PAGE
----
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A type of yoga known as “hot” yoga has gained a fair amount of popularity in recent times; particularly with the younger generation. However, what are the differences between this form and the more classical style of yoga? If you hope to make an informed decision, the information found below will prove to be quite useful. Let’s examine some of the features that separate these two unique options.
What is Hot Yoga?
As you might have guessed, one of the main principles associated with hot yoga involve practising a set of poses within an environment that has been heated well above room temperature (normally between 37ºC and 40ºC). This form also tends to be more challenging due to the fact that it focuses on a series of vinyasa movements. Practitioners will seamlessly flow between different positions; offering a significant challenge in terms of both core strength and endurance.
Many individuals who practice hot yoga are also interested in the potential benefits associated with weight loss as well as body detoxification. As it is normal to sweat profusely, some feel that this is a great way to cleanse their system. Another advantage is that higher room temperatures can help to loosen the muscles. This may be desirable for those who wish to increase their flexibility.
Classic (or traditional) yoga is also referred to as hatha yoga. Some sources claim that its roots can be traced back to the 11th century and while some movements have obviously evolved over time, the core foundations remain the same. Classic yoga places an emphasis on the mind-body connection and it represents just as much of a spiritual journey as it does an effective exercise regimen. Having said this, hatha is often the best option for those who seek a low-impact workout or who might be unable to perform many of the more challenging positions associated with hot yoga. Traditional forms are also wise for beginners, as they will be provided with the opportunity to progress further in order to achieve personal goals.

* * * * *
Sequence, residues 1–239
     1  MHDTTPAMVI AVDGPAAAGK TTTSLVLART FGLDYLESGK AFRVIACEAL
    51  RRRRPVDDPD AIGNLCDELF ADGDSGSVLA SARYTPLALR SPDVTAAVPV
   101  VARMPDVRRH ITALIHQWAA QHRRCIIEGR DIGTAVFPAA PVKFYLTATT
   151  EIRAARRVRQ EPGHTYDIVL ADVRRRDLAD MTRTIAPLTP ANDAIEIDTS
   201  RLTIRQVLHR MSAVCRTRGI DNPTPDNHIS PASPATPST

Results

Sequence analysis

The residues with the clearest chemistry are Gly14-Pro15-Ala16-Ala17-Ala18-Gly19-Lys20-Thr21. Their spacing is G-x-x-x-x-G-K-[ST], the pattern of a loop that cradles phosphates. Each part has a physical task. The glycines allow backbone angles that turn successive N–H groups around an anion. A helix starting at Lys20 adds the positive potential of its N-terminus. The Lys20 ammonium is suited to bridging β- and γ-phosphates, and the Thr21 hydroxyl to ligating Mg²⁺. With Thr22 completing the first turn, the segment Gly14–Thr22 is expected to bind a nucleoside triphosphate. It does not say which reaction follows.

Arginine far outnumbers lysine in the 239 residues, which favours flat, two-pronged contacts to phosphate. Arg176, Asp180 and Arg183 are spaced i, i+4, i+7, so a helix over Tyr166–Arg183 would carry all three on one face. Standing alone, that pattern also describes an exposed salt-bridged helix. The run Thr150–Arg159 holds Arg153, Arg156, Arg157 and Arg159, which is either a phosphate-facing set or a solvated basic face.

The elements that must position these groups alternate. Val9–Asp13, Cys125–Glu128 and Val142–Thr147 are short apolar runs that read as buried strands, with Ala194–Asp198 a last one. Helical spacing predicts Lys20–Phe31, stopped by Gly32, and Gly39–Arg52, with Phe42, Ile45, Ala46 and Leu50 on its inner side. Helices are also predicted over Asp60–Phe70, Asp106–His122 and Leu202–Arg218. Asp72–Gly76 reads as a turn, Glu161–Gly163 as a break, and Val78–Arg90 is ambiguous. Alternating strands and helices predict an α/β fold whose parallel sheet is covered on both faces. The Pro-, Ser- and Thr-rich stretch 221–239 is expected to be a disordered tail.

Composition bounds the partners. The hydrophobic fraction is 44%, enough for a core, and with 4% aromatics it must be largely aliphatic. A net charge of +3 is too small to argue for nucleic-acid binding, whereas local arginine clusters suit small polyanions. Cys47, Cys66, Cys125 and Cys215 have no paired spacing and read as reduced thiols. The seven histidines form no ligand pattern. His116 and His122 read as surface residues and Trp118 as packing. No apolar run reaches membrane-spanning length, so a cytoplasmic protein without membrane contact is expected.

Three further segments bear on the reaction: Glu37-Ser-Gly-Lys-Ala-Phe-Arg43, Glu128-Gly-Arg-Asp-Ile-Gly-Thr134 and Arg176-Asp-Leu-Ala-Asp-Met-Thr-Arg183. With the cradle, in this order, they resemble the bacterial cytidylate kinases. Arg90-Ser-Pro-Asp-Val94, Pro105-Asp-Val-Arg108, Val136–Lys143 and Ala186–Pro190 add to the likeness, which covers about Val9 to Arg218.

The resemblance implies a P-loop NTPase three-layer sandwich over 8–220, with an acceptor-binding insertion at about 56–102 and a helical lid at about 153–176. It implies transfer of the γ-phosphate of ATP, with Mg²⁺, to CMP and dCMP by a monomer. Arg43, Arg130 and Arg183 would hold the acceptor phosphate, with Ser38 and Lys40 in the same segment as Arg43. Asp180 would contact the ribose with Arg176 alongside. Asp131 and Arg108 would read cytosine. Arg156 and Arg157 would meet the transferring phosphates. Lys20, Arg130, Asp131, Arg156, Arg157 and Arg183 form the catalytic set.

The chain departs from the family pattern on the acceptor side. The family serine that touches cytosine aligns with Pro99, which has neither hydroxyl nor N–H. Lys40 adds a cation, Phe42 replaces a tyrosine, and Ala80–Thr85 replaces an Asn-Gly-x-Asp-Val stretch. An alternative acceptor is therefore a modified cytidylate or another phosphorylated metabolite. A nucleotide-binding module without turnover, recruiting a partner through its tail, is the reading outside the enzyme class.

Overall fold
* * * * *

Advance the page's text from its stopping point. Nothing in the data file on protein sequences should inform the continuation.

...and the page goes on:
Are There Any Similarities?
While there are indeed some differences between these two forms, they still share a number of similarities in common. Examples include:
- The ability to develop balance and core strength.
- Each offers an excellent form of low-impact exercise.
- Additional items (such as these yoga blocks here) can be used to provide
- the body with extra support.
- Practitioners will often use these sessions as a means to obtain mental peace and clarity.
So, which one is right for you? Answering this question will partially depend upon what you are hoping to achieve. Those keen to enjoy more intense training sessions or who wish to burn away stubborn fat could be interested in what hot yoga has to offer. Anyone who hopes to improve their balance while developing a mind-body connection may instead opt for hatha (classical) yoga. Either way, the results provided by each leave little to the imagination in terms of overall health and fitness!